Feb. 24 (Bloomberg) -- Lloyds Banking Group Plc, Britain’s biggest mortgage lender, said two-thirds of its 24.8 billion pounds ($38.9 billion) of loans in Ireland are unlikely to be paid back in full following the country’s real-estate crash.
About 16.4 billion pounds of loans to Irish borrowers were impaired at the end of last year, London-based Lloyds said in a statement today. That’s up from 53 percent at the end of 2010.
Lloyds, which today reported a wider-than-estimated loss of 2.8 billion pounds for 2011, shut its Irish unit in 2010 as losses soared and is running down its remaining assets. The worst sector was commercial real estate, where 90 percent of the bank’s 10.9 billion pounds of loans were impaired at the end of 2011.
“This is by far the most troubled Irish loan book that we have seen so far” among universal lenders, said Karl Goggin, an analyst at Dublin-based NCB Stockbrokers. “The level of provisioning suggests they are kitchen-sinking the loan book as Lloyds looks to exit Ireland as quickly as possible.”
Ireland’s commercial property prices have tumbled 65 percent since 2007 and home prices have almost halved in the period. Lloyds losses can be traced to Bank of Scotland Plc’s entry into the country’s mortgage market in 1999, followed two years later by its purchase of state-owned lender ICC. The bank offered “substantially lower rates than domestic banks at the time,” according to an Irish government-commissioned report in April.
New provisions for bad loans in Ireland fell by 25 percent last year to 3.19 billion pounds, Lloyds said today. In all, the lender has set aside 10.2 billion pounds to cover loan losses, equivalent to 62 percent of impaired loans. That’s up from 54 percent at the end of 2010 because of further declines in the commercial real-estate market during 2011, Lloyds said today.
By comparison, Bank of Ireland Plc, the country’s largest lender, said about 17 percent of its Irish loans were impaired at the end of last year, according to Colm Foley, an analyst at Dublin-based Goodbody Stockbrokers. That figure excludes about 10 billion euros ($13.4 billion) of real estate loans the lender sold to the National Asset Management Agency, Ireland’s so called bad bank, in the past two years at an average loss of 44 percent.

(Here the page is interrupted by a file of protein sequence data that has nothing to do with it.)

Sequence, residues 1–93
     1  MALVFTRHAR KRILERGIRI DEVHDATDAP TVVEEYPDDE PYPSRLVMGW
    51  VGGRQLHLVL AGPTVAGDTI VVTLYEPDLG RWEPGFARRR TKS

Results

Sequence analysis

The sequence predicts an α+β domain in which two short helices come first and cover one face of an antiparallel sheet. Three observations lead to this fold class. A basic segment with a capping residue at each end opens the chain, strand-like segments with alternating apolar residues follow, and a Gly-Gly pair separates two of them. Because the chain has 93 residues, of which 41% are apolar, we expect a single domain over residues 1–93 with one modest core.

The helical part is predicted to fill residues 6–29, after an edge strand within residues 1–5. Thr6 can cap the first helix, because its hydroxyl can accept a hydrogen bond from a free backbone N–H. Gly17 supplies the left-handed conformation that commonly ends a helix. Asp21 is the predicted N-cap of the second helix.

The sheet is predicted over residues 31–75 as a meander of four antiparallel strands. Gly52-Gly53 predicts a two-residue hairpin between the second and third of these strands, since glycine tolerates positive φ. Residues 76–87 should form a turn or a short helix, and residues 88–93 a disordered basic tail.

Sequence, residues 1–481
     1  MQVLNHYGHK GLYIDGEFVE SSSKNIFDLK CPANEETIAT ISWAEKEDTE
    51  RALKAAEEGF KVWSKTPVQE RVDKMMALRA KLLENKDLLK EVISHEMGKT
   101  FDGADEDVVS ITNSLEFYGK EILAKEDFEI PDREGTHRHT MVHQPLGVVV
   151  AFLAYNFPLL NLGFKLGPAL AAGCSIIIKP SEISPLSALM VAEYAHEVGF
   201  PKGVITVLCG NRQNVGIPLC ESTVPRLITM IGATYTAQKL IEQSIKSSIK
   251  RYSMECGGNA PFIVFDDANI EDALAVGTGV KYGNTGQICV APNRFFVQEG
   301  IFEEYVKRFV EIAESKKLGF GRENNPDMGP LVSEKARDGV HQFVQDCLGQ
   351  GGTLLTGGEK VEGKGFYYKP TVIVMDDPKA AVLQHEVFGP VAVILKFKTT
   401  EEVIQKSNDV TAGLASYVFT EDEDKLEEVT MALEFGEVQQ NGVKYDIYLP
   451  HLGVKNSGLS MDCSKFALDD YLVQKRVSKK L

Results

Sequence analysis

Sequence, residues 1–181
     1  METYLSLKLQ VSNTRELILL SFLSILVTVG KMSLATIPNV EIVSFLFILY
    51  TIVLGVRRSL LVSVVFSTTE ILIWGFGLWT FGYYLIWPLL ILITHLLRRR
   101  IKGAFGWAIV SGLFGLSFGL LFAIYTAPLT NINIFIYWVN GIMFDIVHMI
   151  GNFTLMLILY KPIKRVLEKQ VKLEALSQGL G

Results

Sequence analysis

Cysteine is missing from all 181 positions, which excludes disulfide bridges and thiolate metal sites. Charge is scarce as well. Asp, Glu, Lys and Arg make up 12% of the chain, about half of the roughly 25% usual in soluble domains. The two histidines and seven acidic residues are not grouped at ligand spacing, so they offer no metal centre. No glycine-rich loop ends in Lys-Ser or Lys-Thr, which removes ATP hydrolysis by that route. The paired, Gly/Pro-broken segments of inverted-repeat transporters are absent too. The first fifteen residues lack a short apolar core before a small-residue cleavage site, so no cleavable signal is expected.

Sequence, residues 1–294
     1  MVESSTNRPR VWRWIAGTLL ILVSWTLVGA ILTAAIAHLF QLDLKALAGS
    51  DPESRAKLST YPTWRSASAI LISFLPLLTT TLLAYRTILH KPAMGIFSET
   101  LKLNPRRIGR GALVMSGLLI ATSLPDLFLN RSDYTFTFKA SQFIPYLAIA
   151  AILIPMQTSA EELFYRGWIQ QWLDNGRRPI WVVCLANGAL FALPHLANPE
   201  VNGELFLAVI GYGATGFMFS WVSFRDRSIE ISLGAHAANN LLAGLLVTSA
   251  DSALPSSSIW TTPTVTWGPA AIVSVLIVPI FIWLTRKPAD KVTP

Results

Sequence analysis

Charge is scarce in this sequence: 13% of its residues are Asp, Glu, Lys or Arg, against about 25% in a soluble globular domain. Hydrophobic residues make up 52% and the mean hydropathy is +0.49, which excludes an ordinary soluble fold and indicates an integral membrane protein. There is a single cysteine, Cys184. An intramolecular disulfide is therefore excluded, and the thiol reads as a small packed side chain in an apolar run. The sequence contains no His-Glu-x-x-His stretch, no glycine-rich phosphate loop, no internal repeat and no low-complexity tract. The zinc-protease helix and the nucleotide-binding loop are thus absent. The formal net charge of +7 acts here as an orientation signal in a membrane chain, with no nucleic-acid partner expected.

Anglo Irish Bank Corp., nationalized in 2009, was forced to take a 62 percent loss on 34 billion euros of loans it sold to NAMA. The lender, since renamed Irish Bank Resolution Corp., said in August that 54.5 percent of its remaining 24.9 billion euros of loans were impaired at the end of June.
“Lloyds appears to be the most aggressive institution in crystallizing impairments” in Ireland, said Foley in a note today. “Whether this is a strategy or a reflection of the quality of the loan portfolio is unclear.”
Lloyds and fellow British lender Royal Bank of Scotland Plc, which bought Dublin-based Ulster Bank in 2000, “competed aggressively” with local banks and introduced products that “posed new risks for both the borrower and the lender,” the Irish report said in April.
Lloyds, which received a 20 billion-pound government bailout in 2008, has transferred management of its Irish holdings to Certus, a company set up by the bank’s former Irish management.
Lloyds injected about 8 billion euros of capital into its Irish unit between late 2008 the end of 2010, when it subsumed loans made in the country into the London-based parent company.
‘Least Wise Decisions’
RBS, Britain’s biggest government-owned lender, has pumped as much as 10 billion pounds into its Irish unit since 2008 to absorb losses from the country’s real-estate bubble, a spokesman for the Edinburgh-based lender said yesterday.
“The most money that RBS lost, the least wise decisions were property lending in the U.K. and Ireland of which Ireland was the worst of all,” Chief Executive Officer Stephen Hester, 51, said yesterday. RBS has pumped “too much” money into the unit, he said.
Lloyds’s approach to Ireland, “is a positive development and suggests that Lloyds is ahead of other banks in recognizing losses, even though Ireland’s state-guaranteed banks have been recapitalized to cope with pretty severe losses,” said Goggin.
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